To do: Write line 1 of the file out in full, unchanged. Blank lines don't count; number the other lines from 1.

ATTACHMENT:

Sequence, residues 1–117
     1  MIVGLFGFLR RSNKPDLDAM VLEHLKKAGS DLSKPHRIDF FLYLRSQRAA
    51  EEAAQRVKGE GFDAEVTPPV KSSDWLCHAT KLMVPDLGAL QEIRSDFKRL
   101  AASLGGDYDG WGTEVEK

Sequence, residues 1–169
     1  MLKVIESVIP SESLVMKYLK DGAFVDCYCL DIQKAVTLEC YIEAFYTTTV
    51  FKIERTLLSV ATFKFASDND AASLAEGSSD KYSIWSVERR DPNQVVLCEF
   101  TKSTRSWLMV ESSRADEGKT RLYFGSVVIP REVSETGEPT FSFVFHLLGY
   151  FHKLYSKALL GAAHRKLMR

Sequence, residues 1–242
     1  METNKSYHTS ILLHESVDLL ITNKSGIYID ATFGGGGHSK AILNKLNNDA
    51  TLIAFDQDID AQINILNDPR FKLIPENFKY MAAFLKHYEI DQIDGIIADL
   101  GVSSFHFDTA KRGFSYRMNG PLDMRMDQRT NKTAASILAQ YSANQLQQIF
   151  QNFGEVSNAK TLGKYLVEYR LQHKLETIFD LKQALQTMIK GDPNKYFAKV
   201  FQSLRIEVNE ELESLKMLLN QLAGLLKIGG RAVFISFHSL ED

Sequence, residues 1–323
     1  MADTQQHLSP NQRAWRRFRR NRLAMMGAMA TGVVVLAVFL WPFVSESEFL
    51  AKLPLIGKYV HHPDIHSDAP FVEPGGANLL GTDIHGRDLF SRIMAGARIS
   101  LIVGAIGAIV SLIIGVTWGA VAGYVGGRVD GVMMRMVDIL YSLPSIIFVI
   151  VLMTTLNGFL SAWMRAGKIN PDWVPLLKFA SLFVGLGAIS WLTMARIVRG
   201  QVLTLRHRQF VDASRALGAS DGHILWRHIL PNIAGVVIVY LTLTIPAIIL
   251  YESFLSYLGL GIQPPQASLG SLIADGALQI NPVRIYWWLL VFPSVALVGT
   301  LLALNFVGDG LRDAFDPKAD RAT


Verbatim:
Sequence, residues 1–117